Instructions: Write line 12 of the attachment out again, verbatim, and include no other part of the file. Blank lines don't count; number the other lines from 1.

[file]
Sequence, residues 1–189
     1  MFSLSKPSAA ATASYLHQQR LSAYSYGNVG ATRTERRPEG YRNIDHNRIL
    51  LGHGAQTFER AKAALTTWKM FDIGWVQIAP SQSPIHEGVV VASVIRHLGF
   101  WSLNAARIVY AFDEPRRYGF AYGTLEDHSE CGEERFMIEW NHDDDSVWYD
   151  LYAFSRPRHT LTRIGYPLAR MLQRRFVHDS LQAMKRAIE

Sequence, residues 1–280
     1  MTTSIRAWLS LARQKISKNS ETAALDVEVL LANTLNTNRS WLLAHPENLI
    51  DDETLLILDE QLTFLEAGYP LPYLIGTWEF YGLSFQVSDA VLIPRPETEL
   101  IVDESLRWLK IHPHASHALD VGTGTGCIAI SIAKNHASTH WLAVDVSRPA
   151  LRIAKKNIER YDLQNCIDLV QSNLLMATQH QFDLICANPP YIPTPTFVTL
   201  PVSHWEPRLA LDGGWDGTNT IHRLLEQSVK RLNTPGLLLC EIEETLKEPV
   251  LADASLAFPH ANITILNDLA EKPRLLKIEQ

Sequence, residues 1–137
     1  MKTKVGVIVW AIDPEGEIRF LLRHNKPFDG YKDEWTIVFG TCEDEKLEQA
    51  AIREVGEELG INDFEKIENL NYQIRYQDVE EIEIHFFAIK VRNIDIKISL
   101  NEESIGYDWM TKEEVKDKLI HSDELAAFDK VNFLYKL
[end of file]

   251  LADASLAFPH ANITILNDLA EKPRLLKIEQ